With less than four minutes left and Duke trailing just 57-55, it played impressive zone defense for more than 20 seconds, eventually forcing Virginia sophomore Kyle Guy to throw up a wild airball from the short corner over Wendell Carter Jr.'s towering presence.

But Guy darted down the baseline, beating both Marvin Bagley III and Trevon Duval to the rebound and then having the presence of mind to launch a desperation turnaround 3-pointer as the shot clock expired, that hit the backboard and bounced hard off the rim. Once again, the Cavaliers outworked the Blue Devils for the rebound, as big man Jack Salt got his hand on the ball before Carter and tapped it back to Ty Jerome.

When the ball wound up in Guy's hands seconds later in the corner off a pass from Devon Hall, he didn't miss from deep again.

Duke head coach Mike Krzyzewski, Bagley and Duval all rejected the notion that fatigue played a role in the Blue Devils' loss after the game, but the missed rebounding opportunities, missed free throws and a careless late turnover were all characteristic of a team that looked like it ran out of steam. Duke did not make a substitution in the second half, and its bench played a combined six minutes in the entire game. 

Bagley, Grayson Allen and Gary Trent Jr. each played all 40 minutes, and Carter and Duval only received three minutes of rest in two short spurts of the first half.

"If we want to win something really big, your best players have to play a lot of minutes, and I think that’s what the regular season is about, is preparing for March," Krzyzewski said. "Some of the rebounding, the plays were relentless for us. They were unbelievable. My guys played their hearts out. I feel bad for them, but it’s the way it is."

The Blue Devils made a long surge to rally from a 13-point deficit in the first 10 minutes of the second half, briefly snatching a four-point lead. Earlier this season, against Texas, Florida and Miami, that type of short burst of energy and execution was enough to erase similar deficits and win. But Virginia—probably the best team Duke has faced this season—refused to fold.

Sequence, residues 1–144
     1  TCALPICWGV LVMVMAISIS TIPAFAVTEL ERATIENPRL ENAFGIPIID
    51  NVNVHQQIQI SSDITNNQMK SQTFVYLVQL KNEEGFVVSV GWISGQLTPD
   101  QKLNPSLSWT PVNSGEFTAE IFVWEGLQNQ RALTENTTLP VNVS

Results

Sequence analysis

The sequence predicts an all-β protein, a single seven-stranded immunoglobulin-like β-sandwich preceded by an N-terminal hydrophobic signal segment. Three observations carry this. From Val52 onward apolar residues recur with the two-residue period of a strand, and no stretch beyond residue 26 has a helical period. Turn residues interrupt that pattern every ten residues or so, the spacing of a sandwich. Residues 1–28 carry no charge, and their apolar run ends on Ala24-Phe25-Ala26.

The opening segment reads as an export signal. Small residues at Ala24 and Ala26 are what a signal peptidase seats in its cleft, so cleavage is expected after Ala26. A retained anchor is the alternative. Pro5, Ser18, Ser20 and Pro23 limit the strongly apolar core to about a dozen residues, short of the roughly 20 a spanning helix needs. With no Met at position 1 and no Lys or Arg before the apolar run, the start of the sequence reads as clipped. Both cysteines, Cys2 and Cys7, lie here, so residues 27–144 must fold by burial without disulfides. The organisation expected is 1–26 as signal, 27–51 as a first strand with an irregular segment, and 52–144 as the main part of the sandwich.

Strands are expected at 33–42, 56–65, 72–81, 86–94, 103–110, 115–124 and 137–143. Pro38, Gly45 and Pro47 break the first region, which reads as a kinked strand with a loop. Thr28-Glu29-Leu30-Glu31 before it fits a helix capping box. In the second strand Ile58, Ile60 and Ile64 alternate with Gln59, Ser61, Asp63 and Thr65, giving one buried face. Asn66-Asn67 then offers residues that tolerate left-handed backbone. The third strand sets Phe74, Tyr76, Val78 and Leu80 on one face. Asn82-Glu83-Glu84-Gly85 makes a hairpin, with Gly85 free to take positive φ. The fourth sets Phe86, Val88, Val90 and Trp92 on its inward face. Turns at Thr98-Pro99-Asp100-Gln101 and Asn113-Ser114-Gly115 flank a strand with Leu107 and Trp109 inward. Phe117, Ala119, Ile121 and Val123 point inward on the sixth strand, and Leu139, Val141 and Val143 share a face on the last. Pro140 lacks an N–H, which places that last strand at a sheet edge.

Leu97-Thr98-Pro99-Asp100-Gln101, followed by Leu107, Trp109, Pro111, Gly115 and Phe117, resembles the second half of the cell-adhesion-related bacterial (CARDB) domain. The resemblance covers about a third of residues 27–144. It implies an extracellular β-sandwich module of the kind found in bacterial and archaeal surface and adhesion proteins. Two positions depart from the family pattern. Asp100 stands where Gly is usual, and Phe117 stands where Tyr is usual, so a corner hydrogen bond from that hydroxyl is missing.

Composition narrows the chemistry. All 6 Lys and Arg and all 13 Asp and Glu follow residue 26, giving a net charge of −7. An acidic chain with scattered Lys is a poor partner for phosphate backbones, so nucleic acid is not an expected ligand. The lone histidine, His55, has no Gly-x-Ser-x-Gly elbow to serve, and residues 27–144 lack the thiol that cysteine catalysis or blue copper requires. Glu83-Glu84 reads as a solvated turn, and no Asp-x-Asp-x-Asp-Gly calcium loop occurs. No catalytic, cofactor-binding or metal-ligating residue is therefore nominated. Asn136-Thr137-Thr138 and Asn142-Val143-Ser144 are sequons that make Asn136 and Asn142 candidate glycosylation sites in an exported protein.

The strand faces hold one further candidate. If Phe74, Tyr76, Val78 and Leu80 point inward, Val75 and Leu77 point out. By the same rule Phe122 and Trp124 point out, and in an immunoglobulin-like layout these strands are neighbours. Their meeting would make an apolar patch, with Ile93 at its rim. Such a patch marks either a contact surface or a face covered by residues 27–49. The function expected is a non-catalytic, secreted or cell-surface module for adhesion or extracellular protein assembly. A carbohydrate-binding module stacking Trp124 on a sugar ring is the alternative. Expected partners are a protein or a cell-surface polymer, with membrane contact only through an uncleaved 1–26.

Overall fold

"They were really tough. For letting us come out that way in the second half, they didn’t let that knock them down," Duval said. "That was really good on their end."

With the Cavaliers on their heels, the visitors made a key adjustment to capitalize on a deeper rotation than that of the Blue Devils. Forward Isaiah Wilkins was ineffective offensively after the Blue Devils switched to a 2-3 zone defense, unable to knock down multiple wide-open jumpers from the hole in the zone at the elbow.

So Tony Bennett replaced Wilkins with dynamic 6-foot-7 redshirt freshman De'Andre Hunter, and his fresh legs almost singlehandedly stemmed the tide.

Hunter scored eight of Virginia's 13 points in a run that turned a four-point Cavalier deficit into a two-point lead, and after he went down with an apparent ankle injury following his last layup, Guy and Jerome each knocked down clutch 3-pointers to provide the rest of the offense Virginia needed. Guy, Jerome and Devon Hall were all workhorses in Virginia's backcourt who played most of the game as well, but the Cavaliers' single hidden weapon off the bench was one more than Duke had.

Javin DeLaurier and Alex O'Connell each played just three minutes for the Blue Devils, as Krzyzewski said DeLaurier had a tight hamstring again and O'Connell has been battling the flu. Marques Bolden was also not quite ready to return from his knee injury.

Part of the reason for Duke's switch to zone in the second half was so its starters wouldn't have to use as much energy during Virginia's long possessions. The fact that the Blue Devils played better in the zone was an added luxury.

"Part of them being good is they wear you out when you’re on defense in man-to-man, because you have to keep running after them," Krzyzewski said. "Their offense beat our defense, but they also wore us down, so our offense wasn’t as poised in the first half."

He felt that the defensive scheme minimized fatigue after the break, and maybe it was a coincidence that the Blue Devils missed four of their five free-throw attempts in the last 10 minutes, including three front ends of one-and-ones. Maybe Duval would have made that ill-fated length of the court pass into triple coverage when Duke trailed by just two points with a minute left even if he was more fresh. 

The intended target was Carter, but the ball never had a chance to get there, and Jerome knocked down a dagger 3-pointer after he intercepted the pass.

"I saw for a split-second, he was open," Duval said. "And then I remembered as soon as it was on my fingertips, like, ‘Damn, I shouldn’t have thrown that pass.’"

Carter and Bagley were all that was working for the Blue Devils on offense—Bagley had another titanic effort with 30 points and 14 rebounds—but two interior scoring threats are not enough to beat top-tier teams like the Cavaliers.

It is nearly impossible to succeed at any level of basketball with a five-man rotation, and Duke's reserves will need to get better and get healthy soon.